Tricia McIntyre said CMTR, LLC leases the three-bedroom, two-bathroom home to long-term tenants and charges $1,800 per month for the studio apartment and $4,800 for the two-bedroom unit.
McIntyre told Ireland that with the current market, she could rent the two-bedroom monthly for between $15,000 and $20,000, but chooses not to.
Keenan McIntyre, who was present at the hearing and a recent graduate of Colorado State University, said he plans to move into the home this fall, and Laughlin will graduate in August from the University of Colorado Boulder.
Hoffman said in his April 15 letter to APCHA that the eldest McIntyres originally purchased the property from Park Circle with the proceeds of an advance on his home equity line of credit and the debt was repaid by a conventional loan, which is funded by rental income.
During Thursday’s hearing under direct questioning from Ireland, Tricia McIntyre could not recall precisely how the property was purchased and often replied that she ‘don’t know’, ‘don’t remember’ , “don’t understand” or “good question”. Asked about the financial and tax details surrounding the acquisition and ownership of the Park Circle home.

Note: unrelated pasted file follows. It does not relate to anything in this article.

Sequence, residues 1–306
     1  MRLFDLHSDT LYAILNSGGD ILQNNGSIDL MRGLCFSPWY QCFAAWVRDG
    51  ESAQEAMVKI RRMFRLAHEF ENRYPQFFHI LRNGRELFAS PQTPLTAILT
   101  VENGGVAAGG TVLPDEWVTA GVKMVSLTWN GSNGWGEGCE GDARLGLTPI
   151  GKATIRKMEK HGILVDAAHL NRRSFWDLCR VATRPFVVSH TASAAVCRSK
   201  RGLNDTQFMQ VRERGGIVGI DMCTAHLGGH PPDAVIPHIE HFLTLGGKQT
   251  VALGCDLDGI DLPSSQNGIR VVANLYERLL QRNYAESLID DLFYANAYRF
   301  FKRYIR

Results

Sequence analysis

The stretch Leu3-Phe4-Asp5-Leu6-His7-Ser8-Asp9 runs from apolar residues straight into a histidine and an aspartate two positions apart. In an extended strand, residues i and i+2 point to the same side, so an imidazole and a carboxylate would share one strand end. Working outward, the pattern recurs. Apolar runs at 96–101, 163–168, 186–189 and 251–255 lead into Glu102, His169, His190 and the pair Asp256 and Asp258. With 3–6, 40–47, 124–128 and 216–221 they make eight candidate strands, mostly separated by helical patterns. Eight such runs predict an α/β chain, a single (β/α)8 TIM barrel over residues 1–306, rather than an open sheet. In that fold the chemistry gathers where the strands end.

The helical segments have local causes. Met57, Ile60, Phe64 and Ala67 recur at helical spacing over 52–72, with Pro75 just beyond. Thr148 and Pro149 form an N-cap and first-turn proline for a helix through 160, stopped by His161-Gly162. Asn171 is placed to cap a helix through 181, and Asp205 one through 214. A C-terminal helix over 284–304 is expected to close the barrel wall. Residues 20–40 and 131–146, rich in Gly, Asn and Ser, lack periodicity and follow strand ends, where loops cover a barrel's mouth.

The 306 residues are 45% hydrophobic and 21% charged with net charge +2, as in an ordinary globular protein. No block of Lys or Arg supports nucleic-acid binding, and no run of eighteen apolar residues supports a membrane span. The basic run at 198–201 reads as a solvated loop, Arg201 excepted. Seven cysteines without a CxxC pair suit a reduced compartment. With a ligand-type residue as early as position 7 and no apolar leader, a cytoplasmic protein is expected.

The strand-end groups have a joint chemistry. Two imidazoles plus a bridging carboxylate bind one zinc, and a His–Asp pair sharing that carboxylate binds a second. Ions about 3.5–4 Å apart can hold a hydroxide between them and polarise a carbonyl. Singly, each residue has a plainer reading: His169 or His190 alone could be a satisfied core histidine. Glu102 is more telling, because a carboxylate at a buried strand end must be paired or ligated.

Ireland said he was skeptical of the McIntyres showing.
“I’m really disturbed that no one remembers anything…it’s all disturbing,” he said. “I think it was a ploy, unless otherwise noted, to get around the North 40 act restriction.”
Hoffman said that was not true and that it was up to Ireland and perhaps the courts to rule against APCHA’s claim that there was a need to ‘pierce the corporate veil’ of CMTR , LLC.
APCHA’s position is that CMTR, LLC is acting as the alter ego of Tricia McIntyre, and that the corporate structure formally in place for the ownership and management of Park Circle’s property has been used to perpetuate wrong , namely the violation of the North 40 act restriction.